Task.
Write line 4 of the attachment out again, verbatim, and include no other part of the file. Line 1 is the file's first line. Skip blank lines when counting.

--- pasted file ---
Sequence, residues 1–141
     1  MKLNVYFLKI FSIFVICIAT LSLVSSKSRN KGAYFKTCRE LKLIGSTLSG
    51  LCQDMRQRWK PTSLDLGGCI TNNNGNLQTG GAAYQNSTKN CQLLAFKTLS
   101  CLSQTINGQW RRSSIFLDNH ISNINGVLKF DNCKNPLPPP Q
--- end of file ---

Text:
   101  CLSQTINGQW RRSSIFLDNH ISNINGVLKF DNCKNPLPPP Q